blokeley blokeley - 2 months ago 8
Python Question

Vectorize integration of pandas.DataFrame

I have a

of force-displacement data. The displacement array has been set to the
index, and the columns are my various force curves for different tests.

How do I calculate the work done (which is "the area under the curve")?

I looked at
which seems to do what I need, but I think that I can avoid looping over each column like this:

import numpy as np
import pandas as pd

forces = pd.read_csv(...)
work_done = {}

for col in forces.columns:
work_done[col] = np.trapz(forces.loc[col], forces.index))

I was hoping to create a new
of the areas under the curves rather than a
, and thought that
or something might be appropriate but don't know where to start looking.

In short:

  1. Can I avoid the looping?

  2. Can I create a
    of work done directly?

Thanks in advance for any help.


You could vectorize this by passing the whole DataFrame to np.trapz and specifying the axis= argument, e.g.:

import numpy as np
import pandas as pd

# some random input data
gen = np.random.RandomState(0)
x = gen.randn(100, 10)
names = [chr(97 + i) for i in range(10)]
forces = pd.DataFrame(x, columns=names)

# vectorized version
wrk = np.trapz(forces, x=forces.index, axis=0)
work_done = pd.DataFrame(wrk[None, :], columns=forces.columns)

# non-vectorized version for comparison
work_done2 = {}
for col in forces.columns:
    work_done2.update({col:np.trapz(forces.loc[:, col], forces.index)})

These give the following output:

from pprint import pprint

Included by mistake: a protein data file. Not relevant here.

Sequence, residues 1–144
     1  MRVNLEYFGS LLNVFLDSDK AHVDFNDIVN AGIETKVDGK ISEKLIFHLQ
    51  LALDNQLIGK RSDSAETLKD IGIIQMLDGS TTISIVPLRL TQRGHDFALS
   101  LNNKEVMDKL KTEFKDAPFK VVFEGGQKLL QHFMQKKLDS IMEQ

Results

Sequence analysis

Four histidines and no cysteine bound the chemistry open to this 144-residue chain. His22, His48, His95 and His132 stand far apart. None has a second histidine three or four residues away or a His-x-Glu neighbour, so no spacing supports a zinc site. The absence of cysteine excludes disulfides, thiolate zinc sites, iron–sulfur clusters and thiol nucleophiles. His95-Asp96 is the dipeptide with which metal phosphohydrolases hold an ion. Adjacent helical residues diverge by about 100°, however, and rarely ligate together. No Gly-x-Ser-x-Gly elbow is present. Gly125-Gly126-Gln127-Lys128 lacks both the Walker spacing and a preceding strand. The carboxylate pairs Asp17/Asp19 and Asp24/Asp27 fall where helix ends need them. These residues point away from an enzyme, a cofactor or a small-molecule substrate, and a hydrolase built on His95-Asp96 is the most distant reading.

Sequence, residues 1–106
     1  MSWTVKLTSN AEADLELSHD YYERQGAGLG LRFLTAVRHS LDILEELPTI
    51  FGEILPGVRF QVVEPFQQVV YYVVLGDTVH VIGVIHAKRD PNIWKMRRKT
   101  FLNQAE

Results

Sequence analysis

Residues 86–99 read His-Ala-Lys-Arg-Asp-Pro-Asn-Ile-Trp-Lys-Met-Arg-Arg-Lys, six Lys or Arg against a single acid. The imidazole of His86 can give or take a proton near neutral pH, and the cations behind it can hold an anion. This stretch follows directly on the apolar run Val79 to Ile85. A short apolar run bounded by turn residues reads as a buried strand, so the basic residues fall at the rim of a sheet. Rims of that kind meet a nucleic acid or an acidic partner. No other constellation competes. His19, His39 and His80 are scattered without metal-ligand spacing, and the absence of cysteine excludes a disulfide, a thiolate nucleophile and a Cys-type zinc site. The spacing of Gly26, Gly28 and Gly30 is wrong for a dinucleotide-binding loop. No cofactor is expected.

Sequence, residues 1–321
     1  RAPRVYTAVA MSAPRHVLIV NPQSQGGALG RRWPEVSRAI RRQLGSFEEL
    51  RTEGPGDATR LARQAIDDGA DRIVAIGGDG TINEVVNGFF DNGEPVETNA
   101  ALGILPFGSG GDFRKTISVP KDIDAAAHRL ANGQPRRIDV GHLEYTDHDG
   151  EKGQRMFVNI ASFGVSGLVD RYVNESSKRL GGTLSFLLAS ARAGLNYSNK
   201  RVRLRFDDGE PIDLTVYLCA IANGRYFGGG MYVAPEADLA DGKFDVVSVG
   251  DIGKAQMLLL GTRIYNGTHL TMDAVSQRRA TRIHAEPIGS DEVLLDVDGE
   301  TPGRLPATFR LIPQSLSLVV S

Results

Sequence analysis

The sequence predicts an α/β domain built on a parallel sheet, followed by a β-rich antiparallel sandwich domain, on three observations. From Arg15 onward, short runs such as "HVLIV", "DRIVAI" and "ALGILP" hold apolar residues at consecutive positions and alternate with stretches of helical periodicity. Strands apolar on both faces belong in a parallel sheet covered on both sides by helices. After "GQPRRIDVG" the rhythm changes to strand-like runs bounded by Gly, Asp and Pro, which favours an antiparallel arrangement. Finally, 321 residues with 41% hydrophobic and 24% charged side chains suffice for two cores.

#            0
# a -24.331560
# b -10.347663
# c   4.662212
# d -12.536040
# e -10.276861
# f   3.406740
# g  -3.712674
# h  -9.508454
# i  -1.044931
# j  15.165782

# {'a': -24.331559643023006,
#  'b': -10.347663159421426,
#  'c': 4.6622123535050459,
#  'd': -12.536039649161403,
#  'e': -10.276861220217308,
#  'f': 3.4067399176289994,
#  'g': -3.7126739591045541,
#  'h': -9.5084536839888187,
#  'i': -1.0449311137294459,
#  'j': 15.165781517623724}

There are a couple of other problems with your original example. col is a column name rather than a row index, so it needs to index the second dimension of your dataframe (i.e. .loc[:, col] rather than .loc[col]). Also, you have an extra trailing parenthesis on the last line.


You could also generate the output DataFrame directly by .applying np.trapz to each column, e.g.:

work_done = forces.apply(np.trapz, axis=0, args=(forces.index,))

However, this isn't really 'proper' vectorization - you are still calling np.trapz separately on each column. You can see this by comparing the speed of the .apply version against calling np.trapz directly:

In [1]: %timeit forces.apply(np.trapz, axis=0, args=(forces.index,))
1000 loops, best of 3: 582 µs per loop

In [2]: %timeit np.trapz(forces, x=forces.index, axis=0)
The slowest run took 6.04 times longer than the fastest. This could mean that an
intermediate result is being cached 
10000 loops, best of 3: 53.4 µs per loop

This isn't an entirely fair comparison, since the second version excludes the extra time taken to construct the DataFrame from the output numpy array, but this should still be smaller than the difference in time taken to perform the actual integration.